The Chinese government has once again defended its trade surplus with other major economies. It insisted that the nation's rapid growth had brought lucrative opportunities to partners all over the world.
China's leadership on Thursday launched yet another attempt to ease US and European pressure over market access and technology policy.
A government report repeated promises to cut tariffs and open more industries to foreign investment.
"China's growth has brought great opportunities to trading partners all over the world," Deputy Commerce Minister Wang Shouwen said at a news conference.
The fresh report highlighted the clash between Beijing's insistence it had honored market-opening pledges made when it joined the World Trade Organization in 2001 and arguments by the US and the European Union that China improperly hampered access to emerging industries and pressured foreign companies to hand over technology.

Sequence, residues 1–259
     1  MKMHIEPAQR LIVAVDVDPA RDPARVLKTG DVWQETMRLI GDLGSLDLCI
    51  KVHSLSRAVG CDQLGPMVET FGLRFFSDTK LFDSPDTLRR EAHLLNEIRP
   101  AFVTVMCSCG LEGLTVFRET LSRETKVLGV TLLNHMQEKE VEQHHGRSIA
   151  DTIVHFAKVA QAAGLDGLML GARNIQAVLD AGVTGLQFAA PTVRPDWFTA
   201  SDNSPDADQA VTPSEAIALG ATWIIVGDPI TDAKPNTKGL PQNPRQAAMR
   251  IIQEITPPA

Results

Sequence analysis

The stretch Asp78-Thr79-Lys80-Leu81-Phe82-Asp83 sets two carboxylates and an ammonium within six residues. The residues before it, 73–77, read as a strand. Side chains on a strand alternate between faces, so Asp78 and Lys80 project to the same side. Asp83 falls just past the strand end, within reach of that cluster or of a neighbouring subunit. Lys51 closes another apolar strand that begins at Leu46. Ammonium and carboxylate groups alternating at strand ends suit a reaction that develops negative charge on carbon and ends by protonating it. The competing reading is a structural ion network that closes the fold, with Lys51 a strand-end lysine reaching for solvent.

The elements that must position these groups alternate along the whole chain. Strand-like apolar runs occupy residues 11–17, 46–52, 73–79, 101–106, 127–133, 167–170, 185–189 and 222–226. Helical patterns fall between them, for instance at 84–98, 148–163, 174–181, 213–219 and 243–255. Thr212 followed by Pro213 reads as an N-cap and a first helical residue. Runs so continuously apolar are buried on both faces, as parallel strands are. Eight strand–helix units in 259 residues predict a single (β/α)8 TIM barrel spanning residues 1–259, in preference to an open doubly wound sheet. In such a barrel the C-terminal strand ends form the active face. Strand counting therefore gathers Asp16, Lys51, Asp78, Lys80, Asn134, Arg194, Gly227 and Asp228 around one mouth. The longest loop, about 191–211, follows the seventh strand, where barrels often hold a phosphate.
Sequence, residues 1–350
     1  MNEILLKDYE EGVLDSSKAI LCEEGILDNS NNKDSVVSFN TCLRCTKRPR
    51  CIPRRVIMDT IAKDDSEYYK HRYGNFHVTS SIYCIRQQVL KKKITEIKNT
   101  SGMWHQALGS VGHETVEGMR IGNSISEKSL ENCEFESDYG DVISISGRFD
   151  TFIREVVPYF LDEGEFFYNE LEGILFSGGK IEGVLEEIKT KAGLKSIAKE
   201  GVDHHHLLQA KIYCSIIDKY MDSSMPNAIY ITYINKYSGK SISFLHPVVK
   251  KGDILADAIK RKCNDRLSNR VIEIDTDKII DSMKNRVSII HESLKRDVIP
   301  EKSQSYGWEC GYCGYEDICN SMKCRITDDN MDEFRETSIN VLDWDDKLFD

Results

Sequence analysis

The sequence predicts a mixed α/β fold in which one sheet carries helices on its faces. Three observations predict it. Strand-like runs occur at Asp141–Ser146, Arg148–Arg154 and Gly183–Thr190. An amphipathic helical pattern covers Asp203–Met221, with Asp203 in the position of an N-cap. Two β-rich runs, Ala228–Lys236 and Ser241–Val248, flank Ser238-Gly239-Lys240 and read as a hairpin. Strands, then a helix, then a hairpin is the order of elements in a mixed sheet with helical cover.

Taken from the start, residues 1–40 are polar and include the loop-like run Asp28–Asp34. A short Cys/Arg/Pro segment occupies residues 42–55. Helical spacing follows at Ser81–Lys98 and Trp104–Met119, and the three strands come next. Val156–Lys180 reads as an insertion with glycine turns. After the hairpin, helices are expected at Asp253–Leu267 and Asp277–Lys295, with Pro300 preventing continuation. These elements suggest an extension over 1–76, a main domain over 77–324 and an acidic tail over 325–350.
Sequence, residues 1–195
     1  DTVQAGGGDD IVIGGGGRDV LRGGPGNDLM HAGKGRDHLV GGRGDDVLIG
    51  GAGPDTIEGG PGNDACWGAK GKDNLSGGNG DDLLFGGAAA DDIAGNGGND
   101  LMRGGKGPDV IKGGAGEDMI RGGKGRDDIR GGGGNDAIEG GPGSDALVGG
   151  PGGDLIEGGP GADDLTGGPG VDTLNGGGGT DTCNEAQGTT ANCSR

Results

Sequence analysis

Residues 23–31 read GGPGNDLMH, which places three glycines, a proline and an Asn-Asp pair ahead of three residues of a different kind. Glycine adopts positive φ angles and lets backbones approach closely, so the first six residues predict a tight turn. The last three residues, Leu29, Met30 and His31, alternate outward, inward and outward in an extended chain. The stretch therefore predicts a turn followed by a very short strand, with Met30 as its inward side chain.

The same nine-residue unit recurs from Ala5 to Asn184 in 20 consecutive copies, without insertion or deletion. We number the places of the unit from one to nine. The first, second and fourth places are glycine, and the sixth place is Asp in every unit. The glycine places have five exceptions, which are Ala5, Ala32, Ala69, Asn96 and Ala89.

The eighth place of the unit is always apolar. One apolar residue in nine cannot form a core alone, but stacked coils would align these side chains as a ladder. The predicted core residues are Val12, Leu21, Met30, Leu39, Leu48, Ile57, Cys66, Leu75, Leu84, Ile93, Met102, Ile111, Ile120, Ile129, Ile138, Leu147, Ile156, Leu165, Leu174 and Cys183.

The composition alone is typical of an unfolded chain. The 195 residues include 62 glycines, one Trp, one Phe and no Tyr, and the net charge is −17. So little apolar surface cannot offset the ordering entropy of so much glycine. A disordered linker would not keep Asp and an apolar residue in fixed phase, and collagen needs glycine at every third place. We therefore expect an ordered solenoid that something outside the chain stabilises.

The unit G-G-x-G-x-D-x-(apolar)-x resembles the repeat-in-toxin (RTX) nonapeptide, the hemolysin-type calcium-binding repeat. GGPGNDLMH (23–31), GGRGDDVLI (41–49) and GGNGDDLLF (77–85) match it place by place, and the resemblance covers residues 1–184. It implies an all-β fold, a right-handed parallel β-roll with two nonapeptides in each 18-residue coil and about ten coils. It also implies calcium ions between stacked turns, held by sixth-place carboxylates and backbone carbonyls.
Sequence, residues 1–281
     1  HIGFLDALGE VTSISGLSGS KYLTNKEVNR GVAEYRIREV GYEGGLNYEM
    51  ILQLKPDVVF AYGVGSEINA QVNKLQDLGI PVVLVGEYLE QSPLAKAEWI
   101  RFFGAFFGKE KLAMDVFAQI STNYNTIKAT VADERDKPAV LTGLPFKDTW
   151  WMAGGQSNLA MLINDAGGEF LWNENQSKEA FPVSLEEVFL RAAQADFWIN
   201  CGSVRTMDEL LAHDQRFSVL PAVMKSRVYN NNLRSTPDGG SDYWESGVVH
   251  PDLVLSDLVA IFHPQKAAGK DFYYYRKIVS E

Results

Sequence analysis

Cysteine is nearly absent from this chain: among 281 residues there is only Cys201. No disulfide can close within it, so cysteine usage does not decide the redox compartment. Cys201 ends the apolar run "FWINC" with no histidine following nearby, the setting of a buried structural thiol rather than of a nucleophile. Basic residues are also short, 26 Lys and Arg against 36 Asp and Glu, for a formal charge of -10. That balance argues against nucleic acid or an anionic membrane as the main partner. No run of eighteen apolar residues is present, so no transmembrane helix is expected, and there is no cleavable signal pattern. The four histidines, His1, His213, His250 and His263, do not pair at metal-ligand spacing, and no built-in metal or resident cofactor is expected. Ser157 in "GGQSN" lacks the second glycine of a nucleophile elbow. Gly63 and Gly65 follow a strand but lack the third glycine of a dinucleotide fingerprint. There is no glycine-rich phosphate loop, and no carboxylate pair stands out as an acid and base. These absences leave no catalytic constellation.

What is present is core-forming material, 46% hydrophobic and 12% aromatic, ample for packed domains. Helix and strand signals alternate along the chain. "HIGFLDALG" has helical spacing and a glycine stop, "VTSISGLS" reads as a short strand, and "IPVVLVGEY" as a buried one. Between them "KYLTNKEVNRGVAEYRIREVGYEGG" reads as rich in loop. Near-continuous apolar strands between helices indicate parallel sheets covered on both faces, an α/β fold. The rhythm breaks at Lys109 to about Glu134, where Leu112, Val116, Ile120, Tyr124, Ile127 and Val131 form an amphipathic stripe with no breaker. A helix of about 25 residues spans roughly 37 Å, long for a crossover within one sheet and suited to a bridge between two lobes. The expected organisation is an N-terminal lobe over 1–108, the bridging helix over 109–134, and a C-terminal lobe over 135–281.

US President Donald Trump's threat of tariff hikes on up to $450 billion (€389 billion) of Chinese products reflected fears in the White House that Beijing's industrial policy was a threat to American technological leadership and prosperity.
On which side of the fence is Europe?
China has tried to recruit Europe as an ally in the dispute, but faces complaints by Germany and others that it bars purchases of Chinese assets while its own companies are on a global shopping spree.
Asked about possible US plans to restrict Chinese investment in tech industries, the commerce minister said he hoped that the countries concerned "would do the right thing and adopt policies that support free trade and investment."
The United States and other trading partners argue China's emergence as a competitor in smartphone technology, solar panels and other goods means it no longer qualifies for the special protections it was granted as a developing nation when it joined the WTO.
Earlier this week, Beijing and Brussels announced they would form a group to work on modernizing WTO rules to keep pace with recent developments in the global economy.
hg/mm (AP, dpa)